The news has come through that the proposed 20 mph speed limit zone in South Edinburgh has been given the go ahead, which is good news. However, it is rather disappointing that the most dangerous roads inwith the area covered by the zone are being left at the higher 30 mph speed limit. As I have said elsewhere, it has been known for well over 20 years that, as traffic speed increases, so does the risk to pedestrians:

  • Hit by a car at 20 mph, 3% of pedestrians will be killed – 97% will survive
  • Hit by a car at 30 mph, 20% of pedestrians will be killed – 80% will survive
  • Hit by a car at 35 mph, 50% of pedestrians will be killed – 50% will survive
  • Hit by a car at 40 mph, 90% of pedestrians will be killed – 10% will survive
  • Hit by a car at 50 mph, >99% of pedestrians will be killed – < 1% will survive

Many drivers don’t think about the fact that at 30 mph, a vehicle travels 44ft (roughly three car lengths) every second and at 20mph a vehicle travels 29.3ft (roughly two car lengths). The average reaction time of drivers is between 1 and 1.5 seconds, it takes time to stop, drivers have to think ahead rather than just trying to react to the situation. Lowering the speed limit allows driver more time to thing and so reduces the frequency of accidents collisions.

It is also well known that the majority of drivers think that it is OK to exceed any given speed limit by 5-10 mph. As you can see from the bullet points above, this greatly increases the risk to pedestrians. However, there are some people and organisations who don’t seem to care about this, rather worryingly these include the Lothian and Borders Police, and Lothian Buses. It is widely felt that the grounds for objection were rather thin.

The Police claim they would need extra resources to enforce the lower limit if the major routes were included, and yet these are the routes which are currently in need of the greatest enforcement. If the limits on these roads were to have regular speed traps, the accident crash rates could be significantly reduced. This would in turn save the police money, as they would use fewer resources dealing with the aftermath of these crashes. Lothian Buses claim that the speed reduction on main routes would delay services and therefore require them to provide additional buses at extra cost. However, there is no evidence from other cities which have introduced 20 mph speed limits to support this. The evidence is that lower speed limits tend to smooth traffic flows and reduce the effect of congestion on bus services.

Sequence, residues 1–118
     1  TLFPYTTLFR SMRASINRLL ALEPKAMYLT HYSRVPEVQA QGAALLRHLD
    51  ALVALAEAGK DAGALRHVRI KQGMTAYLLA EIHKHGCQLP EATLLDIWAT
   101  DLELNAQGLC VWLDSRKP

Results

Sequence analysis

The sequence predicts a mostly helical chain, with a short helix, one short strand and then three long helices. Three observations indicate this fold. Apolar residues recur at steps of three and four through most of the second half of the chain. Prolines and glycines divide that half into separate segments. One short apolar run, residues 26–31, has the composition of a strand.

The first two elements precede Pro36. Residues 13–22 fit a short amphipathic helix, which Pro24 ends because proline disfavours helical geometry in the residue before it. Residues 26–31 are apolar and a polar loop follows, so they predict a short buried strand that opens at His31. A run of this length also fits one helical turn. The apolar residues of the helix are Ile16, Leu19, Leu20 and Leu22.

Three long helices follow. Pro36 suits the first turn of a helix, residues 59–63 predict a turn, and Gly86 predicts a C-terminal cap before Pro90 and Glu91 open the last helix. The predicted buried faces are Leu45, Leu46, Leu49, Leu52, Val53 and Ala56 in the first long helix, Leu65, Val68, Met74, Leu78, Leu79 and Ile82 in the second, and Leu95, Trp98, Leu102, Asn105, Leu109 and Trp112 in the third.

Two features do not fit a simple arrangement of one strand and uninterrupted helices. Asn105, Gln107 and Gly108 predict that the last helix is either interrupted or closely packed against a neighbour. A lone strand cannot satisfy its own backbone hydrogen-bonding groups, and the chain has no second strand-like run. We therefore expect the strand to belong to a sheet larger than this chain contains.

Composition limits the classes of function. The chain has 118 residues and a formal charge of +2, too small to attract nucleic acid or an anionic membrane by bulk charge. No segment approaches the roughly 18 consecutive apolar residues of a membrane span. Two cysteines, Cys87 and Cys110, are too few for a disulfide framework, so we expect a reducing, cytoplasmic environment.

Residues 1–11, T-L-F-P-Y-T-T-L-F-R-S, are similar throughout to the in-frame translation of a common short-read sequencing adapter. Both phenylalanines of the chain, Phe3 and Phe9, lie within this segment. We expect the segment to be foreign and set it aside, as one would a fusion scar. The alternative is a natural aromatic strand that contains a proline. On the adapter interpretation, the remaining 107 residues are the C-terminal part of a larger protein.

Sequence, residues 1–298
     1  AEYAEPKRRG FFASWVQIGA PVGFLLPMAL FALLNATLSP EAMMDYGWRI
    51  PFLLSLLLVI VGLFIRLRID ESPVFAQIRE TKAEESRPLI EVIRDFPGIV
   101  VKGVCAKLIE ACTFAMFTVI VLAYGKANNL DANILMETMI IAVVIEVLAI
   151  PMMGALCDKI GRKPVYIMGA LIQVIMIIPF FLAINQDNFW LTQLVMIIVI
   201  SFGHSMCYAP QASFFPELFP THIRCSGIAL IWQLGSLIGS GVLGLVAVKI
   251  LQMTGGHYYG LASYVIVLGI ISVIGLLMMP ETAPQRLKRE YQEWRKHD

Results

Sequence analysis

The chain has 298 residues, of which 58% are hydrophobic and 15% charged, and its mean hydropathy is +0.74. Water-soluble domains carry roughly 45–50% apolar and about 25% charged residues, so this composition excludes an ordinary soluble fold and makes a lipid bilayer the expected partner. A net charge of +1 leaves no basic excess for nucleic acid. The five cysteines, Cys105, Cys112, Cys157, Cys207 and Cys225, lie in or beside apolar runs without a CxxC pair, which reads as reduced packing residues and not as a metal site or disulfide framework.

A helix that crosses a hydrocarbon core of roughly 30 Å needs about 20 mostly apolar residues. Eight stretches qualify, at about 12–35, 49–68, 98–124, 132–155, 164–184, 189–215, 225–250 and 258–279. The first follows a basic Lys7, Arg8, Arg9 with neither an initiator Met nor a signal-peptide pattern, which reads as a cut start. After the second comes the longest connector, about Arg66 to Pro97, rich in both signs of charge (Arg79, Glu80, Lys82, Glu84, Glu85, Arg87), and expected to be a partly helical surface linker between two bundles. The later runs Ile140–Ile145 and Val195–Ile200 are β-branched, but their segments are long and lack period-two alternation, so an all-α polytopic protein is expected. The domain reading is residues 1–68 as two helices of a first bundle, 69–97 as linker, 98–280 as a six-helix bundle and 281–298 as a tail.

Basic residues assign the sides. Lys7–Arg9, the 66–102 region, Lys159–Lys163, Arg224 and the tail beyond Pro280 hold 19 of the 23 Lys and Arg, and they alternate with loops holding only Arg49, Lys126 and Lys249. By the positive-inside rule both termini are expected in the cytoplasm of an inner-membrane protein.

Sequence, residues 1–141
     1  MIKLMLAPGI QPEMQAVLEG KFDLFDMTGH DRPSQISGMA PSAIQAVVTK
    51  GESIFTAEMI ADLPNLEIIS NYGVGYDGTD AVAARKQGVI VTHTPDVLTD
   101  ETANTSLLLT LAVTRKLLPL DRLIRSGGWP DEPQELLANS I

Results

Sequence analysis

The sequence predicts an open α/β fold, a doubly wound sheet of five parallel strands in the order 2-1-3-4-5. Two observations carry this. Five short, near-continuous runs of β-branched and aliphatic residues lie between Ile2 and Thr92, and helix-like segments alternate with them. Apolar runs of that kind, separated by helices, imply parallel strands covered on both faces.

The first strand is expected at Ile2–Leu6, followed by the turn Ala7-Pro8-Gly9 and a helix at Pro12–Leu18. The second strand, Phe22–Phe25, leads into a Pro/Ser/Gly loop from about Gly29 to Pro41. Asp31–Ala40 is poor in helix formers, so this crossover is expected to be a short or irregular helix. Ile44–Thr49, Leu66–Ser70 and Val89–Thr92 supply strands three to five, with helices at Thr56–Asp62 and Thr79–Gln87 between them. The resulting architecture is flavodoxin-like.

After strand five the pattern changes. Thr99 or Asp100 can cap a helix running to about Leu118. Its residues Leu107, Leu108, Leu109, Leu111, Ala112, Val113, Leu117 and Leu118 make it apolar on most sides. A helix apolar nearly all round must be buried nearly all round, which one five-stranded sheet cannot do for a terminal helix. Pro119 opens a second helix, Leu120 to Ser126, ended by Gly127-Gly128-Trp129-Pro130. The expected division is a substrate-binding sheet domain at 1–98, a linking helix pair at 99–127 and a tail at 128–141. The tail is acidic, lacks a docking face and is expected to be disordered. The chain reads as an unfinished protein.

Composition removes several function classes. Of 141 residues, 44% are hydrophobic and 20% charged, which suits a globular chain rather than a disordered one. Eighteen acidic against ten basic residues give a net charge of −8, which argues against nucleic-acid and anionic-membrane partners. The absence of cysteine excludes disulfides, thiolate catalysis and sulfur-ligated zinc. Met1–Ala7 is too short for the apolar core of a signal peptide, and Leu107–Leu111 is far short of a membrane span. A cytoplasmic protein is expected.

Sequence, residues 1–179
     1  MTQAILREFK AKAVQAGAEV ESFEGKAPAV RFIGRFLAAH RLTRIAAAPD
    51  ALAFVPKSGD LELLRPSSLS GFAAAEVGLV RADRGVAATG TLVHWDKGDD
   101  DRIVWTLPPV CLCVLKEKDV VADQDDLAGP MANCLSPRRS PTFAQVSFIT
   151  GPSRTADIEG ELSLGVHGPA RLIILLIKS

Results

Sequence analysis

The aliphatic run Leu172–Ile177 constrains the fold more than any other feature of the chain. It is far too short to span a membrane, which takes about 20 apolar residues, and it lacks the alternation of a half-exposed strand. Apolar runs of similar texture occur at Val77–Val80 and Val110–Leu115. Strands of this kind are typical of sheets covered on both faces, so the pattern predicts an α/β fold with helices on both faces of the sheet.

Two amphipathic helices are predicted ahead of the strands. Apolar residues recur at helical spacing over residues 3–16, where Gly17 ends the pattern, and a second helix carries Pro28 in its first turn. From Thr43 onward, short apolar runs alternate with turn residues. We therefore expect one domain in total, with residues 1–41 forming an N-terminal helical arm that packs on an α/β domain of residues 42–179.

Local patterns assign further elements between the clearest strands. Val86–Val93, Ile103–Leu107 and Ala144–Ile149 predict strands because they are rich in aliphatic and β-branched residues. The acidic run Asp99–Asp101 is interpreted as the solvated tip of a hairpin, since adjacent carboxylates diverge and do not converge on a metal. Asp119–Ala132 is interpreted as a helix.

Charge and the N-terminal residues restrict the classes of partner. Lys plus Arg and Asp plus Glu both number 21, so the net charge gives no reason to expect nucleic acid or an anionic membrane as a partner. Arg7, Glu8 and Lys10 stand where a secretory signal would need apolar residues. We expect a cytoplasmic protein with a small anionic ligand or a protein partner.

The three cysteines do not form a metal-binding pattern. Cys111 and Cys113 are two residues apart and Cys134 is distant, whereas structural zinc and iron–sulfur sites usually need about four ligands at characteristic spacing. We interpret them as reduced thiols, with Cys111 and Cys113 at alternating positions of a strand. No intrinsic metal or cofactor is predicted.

There were even objections on environmental grounds, with the Council Air Quality Monitoring Unit having concerns about the introduction of the 20mph speed limit on the busier bus corridors, due to higher gear ratios at lower running speeds resulting in greater tailpipe emissions. They claim that this is true for all vehicles, with slower buses and HGVs likely to contribute more to air quality issues in the city. Again, the evidence for this appears rather thin, this could easily be dealt with by encouraging drivers to use (appropriate) lower gears. In fact, in previous trials in cities like London and Portsmounth the introduction of 20 mph zones resulted in improved air quality. So this is really more of an excuse for not grasping the nettle and actually reducing motorised traffic through the city. The Council has a history of doing this and there have been issues with its air quality monitoring in the past.

These objections fly in the face of wide spread support from a large number of people living inwith the zone and the community councils which represent them, who had actively lobbied for the number of roads covered by the 20 mph speed limit to be increased. While the introduction of the zone is to be welcomed, it is in many ways an opportunity missed. As Councillor Steve Burgess, put it: “I was disappointed with the decision. We missed the opportunity to do something quite bold that maybe puts pedestrians and cyclists on a safer footing with vehicles in the area. It would have been good to do the whole scheme and include those roads in the pilot at the same time. I don’t think the claims by Lothian Buses and the police hold much water. It’s a missed opportunity, especially considering the community councils were supportive.”

The full report from the meeting of the Council’s Transport, Infrastructure and Environment Committee can be downloaded here